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Allure Security recently discovered treyshop[.]cc – a fraud-as-a-service operation’s e-commerce storefront – exposed on the internet. The fraud-as-a-service business model has been around for ages, what’s novel in this case is the adversary’s brazenness (or negligence) in so openly hawking stolen PII, step-by-step fraud instructions, account credentials, and payment card information.

The fraudster also makes a Telegram channel publicly available via preview that gives inventory updates, announces pricing promotions, and shares alleged customers’ photos and videos showing the spoils resulting from buying and using the shop’s products.

With this article we aim to give people a closer look at some aspects of an active fraud-as-a-service operation in the wild.

At a glance: [jump links to each section]:

Screenshot of treyshop[.]cc homepage

A screenshot of the Treyshop homepage offering for sale stolen account credentials and associated payment account information for a variety of retail and other brands.

What is Fraud-as-a-Service?

Fraud-as-a-service offerings include some combination of products and services such as tools, data, and guidance that facilitate the execution of fraud by others. The “as-a-service” suffix means that the purchasers of this service need not be experts in fraud to defraud others. In many cases, without such operations’ services, it’s likely many of their customers would not have the knowledge or tools needed to successfully pull off a scam.

Fraud-as-a-service providers lower the barrier of entry for fraudsters, which makes it possible for more fraudsters to commit more fraud. Such services contribute to or exacerbate increasing fraud rates. In its Internet Crime Complaint Center (IC3) Annual Report, the FBI  reported a 10% increase in fraud complaints and a 22% increase in fraud losses in 2023 compared to 2022. 

What does Treyshop have to do with Fraud-as-a-Service?

At the least, Treyshop is an e-commerce storefront used by a fraud-as-a-service operation to distribute stolen data and fraud guides and tools to other fraudsters.  For example, Treyshop also has a product listing for its Email Bomber tool and some other products require the use of an Email Bomber-like tool. True to its name, Email Bomber facilitates email bombing, a form of denial-of-service that sends an overwhelming amount of emails to the targeted address. In this context, one purpose of such a tool is to overwhelm the email address owner with messages in hopes that the recipient won’t notice email notifications of potential fraudulent activity on their account.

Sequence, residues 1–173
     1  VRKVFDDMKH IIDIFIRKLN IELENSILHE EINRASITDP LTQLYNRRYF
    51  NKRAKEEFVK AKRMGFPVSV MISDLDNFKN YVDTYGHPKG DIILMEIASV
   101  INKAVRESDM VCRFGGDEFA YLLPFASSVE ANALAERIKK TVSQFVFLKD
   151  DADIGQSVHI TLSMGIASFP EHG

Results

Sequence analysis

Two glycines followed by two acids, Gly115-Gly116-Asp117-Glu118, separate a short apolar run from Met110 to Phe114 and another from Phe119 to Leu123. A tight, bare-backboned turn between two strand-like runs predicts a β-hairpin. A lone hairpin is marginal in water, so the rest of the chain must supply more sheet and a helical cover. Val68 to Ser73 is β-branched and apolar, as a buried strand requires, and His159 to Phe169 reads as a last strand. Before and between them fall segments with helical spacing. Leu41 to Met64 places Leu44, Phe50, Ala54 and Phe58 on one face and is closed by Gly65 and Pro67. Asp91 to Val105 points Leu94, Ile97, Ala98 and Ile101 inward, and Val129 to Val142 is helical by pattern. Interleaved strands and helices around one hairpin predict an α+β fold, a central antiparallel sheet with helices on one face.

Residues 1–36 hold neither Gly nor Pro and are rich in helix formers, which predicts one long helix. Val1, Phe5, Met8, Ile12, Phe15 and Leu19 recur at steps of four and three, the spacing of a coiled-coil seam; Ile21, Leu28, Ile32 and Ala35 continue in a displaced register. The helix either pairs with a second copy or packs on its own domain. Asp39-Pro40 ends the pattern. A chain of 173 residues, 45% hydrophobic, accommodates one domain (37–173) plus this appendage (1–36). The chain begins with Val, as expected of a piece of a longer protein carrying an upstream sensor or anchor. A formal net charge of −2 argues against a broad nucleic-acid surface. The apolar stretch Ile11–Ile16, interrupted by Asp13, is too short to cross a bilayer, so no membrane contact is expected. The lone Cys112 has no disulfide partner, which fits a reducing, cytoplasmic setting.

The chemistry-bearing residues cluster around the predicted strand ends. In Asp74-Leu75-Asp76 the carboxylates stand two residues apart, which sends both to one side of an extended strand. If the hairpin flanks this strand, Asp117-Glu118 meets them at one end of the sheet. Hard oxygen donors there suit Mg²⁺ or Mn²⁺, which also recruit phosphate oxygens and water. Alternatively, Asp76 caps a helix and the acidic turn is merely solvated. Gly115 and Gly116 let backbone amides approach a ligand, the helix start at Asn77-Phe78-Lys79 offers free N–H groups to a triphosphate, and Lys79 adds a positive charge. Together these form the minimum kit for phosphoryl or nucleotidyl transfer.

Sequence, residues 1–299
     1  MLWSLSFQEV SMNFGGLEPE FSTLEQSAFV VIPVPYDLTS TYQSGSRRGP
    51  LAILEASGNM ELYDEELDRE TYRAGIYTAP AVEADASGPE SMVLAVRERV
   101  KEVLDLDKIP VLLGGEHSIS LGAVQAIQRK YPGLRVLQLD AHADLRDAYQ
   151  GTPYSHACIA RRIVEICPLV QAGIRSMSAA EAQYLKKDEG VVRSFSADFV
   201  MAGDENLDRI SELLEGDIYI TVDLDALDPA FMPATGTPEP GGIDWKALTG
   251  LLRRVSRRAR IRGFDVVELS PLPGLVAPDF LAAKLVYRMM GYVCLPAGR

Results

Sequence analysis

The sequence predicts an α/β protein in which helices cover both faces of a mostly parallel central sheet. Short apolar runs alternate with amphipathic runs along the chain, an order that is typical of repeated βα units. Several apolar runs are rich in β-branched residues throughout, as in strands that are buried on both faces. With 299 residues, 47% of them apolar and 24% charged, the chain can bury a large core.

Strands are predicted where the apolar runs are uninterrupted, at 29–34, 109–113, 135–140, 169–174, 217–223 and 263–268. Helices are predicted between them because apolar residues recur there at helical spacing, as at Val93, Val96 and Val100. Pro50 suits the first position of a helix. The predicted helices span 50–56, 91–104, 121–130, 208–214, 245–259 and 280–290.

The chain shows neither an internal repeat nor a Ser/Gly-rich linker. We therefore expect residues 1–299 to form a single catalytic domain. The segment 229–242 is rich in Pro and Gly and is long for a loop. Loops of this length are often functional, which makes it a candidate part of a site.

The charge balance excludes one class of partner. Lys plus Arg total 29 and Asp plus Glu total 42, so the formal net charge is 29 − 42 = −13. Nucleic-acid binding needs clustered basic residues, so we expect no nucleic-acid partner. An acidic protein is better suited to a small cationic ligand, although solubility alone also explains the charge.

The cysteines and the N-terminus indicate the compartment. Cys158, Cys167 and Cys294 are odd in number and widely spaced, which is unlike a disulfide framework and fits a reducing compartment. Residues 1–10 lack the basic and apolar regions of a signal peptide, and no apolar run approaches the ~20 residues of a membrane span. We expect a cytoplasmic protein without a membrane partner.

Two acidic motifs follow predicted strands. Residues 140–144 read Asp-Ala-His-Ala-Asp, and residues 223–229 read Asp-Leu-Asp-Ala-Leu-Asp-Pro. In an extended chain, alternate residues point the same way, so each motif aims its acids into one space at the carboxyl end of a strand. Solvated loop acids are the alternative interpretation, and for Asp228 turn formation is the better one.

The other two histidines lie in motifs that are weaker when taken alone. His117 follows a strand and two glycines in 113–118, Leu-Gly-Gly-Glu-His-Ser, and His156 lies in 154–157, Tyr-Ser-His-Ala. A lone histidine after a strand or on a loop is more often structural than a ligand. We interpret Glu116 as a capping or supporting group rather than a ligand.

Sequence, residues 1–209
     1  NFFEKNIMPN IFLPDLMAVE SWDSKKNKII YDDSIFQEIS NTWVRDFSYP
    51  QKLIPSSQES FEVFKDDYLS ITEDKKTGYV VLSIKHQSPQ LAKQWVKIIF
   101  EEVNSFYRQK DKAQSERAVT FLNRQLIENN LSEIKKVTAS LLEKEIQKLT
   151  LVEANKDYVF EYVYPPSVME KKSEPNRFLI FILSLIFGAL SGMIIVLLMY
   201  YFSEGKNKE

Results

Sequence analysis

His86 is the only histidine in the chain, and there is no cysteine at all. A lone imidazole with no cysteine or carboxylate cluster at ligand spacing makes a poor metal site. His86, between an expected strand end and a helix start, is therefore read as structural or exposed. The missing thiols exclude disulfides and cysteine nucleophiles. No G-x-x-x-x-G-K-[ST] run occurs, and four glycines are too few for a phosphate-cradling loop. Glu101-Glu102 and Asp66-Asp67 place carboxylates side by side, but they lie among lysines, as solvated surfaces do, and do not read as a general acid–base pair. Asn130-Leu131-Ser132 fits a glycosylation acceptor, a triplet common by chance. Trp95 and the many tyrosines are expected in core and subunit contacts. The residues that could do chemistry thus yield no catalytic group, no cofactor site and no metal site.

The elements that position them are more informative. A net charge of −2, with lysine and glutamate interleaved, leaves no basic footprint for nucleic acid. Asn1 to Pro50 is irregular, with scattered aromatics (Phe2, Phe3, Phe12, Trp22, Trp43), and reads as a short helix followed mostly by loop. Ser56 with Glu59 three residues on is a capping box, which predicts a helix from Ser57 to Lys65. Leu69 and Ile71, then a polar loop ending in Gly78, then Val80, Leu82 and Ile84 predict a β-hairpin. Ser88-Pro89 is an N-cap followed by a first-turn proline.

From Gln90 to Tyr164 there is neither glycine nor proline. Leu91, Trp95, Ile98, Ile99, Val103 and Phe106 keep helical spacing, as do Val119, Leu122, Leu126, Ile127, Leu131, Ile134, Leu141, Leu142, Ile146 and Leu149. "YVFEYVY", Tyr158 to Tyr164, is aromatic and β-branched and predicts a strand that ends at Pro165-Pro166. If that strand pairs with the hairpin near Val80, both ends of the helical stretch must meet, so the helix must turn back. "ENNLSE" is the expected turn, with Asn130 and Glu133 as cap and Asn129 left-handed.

Another tool mentioned in a number of Treyshop product descriptions is an OTP or one-time password bot – BIGFATOTPBOT in particular. OTPs are a form of additional user authentication. An OTP is typically a numeric code sent via SMS or generated by an authenticator app and used to log in to an account. An OTP bot facilitates fooling a fraudster’s victim into divulging their OTP code. It’s not exactly clear whether BIGFATOTPBOT is a Treystore product or a partner.

LOOKUP BOT is another tool mentioned in product descriptions, which allegedly fraudsters can use to verify victims’ Social Security numbers. Typically, fraudsters sell these services in a more stealthy manner such as on the dark web. If we define the dark web as online content requiring special tools to access and the deep web as content that search engines don’t index, then treyshop[.]cc resides in the deep web. For example, if you search “treyshop” on Google, you won’t find the .cc site itself but among other results, you’ll find a related TikTok account, reviews on TrustPilot, and a few scam rap songs and videos referencing it.

Treyshop review on Trustpilot

One-star review of Treyshop[.]cc on Trustpilot

Sidebar: What is Scam Rap?

PC or mobile [expletive] it really don’t matter / Treyshop dot cc gonna make your pockets fatter

A subgenre of hip-hop called scam rap takes its name based on songs’ lyrics including tutorials for committing various types of fraud. One song released around the time we suspect Treyshop[.]cc went live at the end of August 2023, was “Treyshop Put Me On.” The performer wastes no time starting the song with “I just caught two Windstreams off of Treyshop.” Windstream is a telecommunications provider headquartered in Arkansas and “catching two” could mean taking over two email accounts and/or mobile phone service accounts.